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Author: Katherine Scanlon

‘One More Chapter In The Epic Salvage Of Two Viatical Operations Rife With Fraud’

‘One More Chapter In The Epic Salvage Of Two Viatical Operations Rife With Fraud’

The opinion of the United States District Court for the Northern District of Ohio, in Liberte Capital Group v. Capwill, No. 5:99 CV 818 (N.D. Ohio Jan. 4, 2011), is one of the more recent opinions in that long-running litigation. The court provides this initial summary near the start of the opinion: This case is yet one more chapter in the epic salvage of two viatical operations rife with fraud.  The assets of those firms have been in a receivership…

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Investors Sue Life Insurance Companies Over STOLI

Investors Sue Life Insurance Companies Over STOLI

In recent years, life insurance companies have undertaken steps to curb or prevent stranger-originated life insurance ("STOLI"). Such steps have included efforts to influence state regulation of STOLI, as well as litigation aimed at rescinding policies purchased by persons without an insurable interest.  The litigation has brought to light typical secondary market defenses, including that the insurers should be bound by the fraudulent acts of its agents, notwithstanding the fact that the agents, in collusion with the secondary market purchasers,…

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Under The New York Structured Settlement Protection Act, New Requirements Become Effective With The New Year

Under The New York Structured Settlement Protection Act, New Requirements Become Effective With The New Year

Starting tomorrow, the New York Structured Settlement Protection Act's revised provisions will be effective. One new provision will require a factoring company to bring the matter to the court's attention by an order to show cause.  SeeN.Y. Gen. Oblig. Law § 5/1705(b).  Another new requirement is that the factoring company's petition to the reviewing court must include "a statement setting forth whether there have been any previous transfers or applications for transfer of the structured settlement payment rights and giving details…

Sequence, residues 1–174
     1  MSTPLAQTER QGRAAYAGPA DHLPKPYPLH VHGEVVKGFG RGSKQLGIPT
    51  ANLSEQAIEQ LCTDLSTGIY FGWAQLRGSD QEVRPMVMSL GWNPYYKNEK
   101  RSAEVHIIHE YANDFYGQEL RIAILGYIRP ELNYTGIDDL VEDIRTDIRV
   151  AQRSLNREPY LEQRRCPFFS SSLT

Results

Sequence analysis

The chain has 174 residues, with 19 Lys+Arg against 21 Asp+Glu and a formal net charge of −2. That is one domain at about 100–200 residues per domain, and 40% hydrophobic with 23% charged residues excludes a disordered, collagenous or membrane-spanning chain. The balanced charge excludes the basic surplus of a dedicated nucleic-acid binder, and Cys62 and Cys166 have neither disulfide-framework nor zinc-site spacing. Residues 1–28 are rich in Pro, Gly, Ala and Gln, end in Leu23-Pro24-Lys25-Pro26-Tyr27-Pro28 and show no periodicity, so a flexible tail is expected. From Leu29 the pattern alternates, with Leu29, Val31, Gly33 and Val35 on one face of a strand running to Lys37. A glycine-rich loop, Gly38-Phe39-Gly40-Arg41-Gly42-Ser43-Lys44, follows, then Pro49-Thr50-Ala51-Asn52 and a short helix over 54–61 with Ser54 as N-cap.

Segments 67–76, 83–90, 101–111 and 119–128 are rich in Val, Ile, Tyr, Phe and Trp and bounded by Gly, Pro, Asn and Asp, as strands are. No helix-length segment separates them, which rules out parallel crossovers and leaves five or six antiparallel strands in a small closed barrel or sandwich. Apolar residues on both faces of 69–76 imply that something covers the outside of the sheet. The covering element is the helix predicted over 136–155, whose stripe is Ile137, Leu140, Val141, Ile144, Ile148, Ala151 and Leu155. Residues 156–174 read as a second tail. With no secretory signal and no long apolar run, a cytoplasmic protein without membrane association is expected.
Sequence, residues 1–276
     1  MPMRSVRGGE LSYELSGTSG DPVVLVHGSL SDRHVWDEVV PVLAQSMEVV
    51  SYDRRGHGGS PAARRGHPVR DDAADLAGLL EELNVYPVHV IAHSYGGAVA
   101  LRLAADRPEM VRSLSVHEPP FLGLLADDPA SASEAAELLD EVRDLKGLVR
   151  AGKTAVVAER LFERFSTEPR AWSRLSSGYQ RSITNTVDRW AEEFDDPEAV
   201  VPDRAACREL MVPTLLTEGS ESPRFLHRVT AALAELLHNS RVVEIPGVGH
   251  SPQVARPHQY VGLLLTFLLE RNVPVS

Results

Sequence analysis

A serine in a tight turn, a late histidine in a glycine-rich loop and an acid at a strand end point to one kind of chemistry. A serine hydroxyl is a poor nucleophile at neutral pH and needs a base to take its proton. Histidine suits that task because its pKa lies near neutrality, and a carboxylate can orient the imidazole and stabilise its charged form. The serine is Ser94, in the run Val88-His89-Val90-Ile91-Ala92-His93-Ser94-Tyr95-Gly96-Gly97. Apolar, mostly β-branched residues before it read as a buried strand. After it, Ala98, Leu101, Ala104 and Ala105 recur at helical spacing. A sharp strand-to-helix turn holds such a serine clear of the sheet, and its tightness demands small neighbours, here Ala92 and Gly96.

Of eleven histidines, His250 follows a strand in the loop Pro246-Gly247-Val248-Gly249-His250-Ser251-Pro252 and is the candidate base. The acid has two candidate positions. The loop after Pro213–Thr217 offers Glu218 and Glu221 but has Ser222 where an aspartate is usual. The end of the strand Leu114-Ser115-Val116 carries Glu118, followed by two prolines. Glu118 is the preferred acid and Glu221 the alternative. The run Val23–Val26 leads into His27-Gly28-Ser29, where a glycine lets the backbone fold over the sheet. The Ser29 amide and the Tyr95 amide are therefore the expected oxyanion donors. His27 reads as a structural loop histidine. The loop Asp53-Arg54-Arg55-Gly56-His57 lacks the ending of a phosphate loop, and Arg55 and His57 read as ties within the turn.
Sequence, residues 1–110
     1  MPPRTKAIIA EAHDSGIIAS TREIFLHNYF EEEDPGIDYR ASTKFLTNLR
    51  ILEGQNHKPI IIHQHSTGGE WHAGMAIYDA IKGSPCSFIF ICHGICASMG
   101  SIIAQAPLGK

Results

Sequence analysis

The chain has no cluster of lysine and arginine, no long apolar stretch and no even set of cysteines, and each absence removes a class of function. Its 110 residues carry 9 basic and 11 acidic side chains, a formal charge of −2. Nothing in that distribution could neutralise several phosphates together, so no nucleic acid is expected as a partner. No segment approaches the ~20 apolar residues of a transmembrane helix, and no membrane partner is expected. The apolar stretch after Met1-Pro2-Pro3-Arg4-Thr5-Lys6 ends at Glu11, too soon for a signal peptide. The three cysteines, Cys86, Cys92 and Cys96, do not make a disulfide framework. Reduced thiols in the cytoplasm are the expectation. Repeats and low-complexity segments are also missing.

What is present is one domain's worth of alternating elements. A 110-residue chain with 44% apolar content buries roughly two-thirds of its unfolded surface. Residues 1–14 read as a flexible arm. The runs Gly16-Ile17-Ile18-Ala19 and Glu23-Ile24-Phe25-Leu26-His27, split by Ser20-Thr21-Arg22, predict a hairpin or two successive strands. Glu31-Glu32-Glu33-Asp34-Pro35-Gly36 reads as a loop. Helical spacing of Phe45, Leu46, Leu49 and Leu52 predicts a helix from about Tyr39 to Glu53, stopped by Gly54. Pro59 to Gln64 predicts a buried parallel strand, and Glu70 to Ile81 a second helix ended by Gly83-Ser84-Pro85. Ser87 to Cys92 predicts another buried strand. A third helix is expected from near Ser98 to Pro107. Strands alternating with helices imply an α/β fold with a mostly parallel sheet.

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Structured Settlement Protection Act Does Not Apply If There Is No Structured Settlement, Says Court

Structured Settlement Protection Act Does Not Apply If There Is No Structured Settlement, Says Court

O'Brien v. Argo Partners, Inc., — F.Supp.2d —- (E.D.N.Y. Aug. 23, 2010), involved a dispute over settlement proceeds. Argo – "a New York investment firm that derives a majority of its business from purchasing the claims of creditors of distressed companies," according to the court – entered into an agreement whereby O'Brien assigned rights to recover settlement proceeds from an insurance company that was in liquidation. Eventually, O'Brien sued, challenging the validity of the assignment.    The district court upheld the assignment…

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Insurance Company Properly Alleged Lack of Insurable Interest, Court Says

Insurance Company Properly Alleged Lack of Insurable Interest, Court Says

In American General Life Ins. v. Goldstein, Civ. No. 09-369-SLR, 2010 WL 3833955 (D. Del. Sept. 30, 2010) (available here), a federal district court denied a motion to dismiss an insurance company's claims that an insurance policy should be declared void because it was procured via a stranger-originated life insurance (STOLI) transaction. Among other things, the court determined that the insurance company, American General Life Insurance Company, sufficiently pled facts to state a claim that the insurance policy was void ab initio for lack of…

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Conferences Address Secondary Market Issues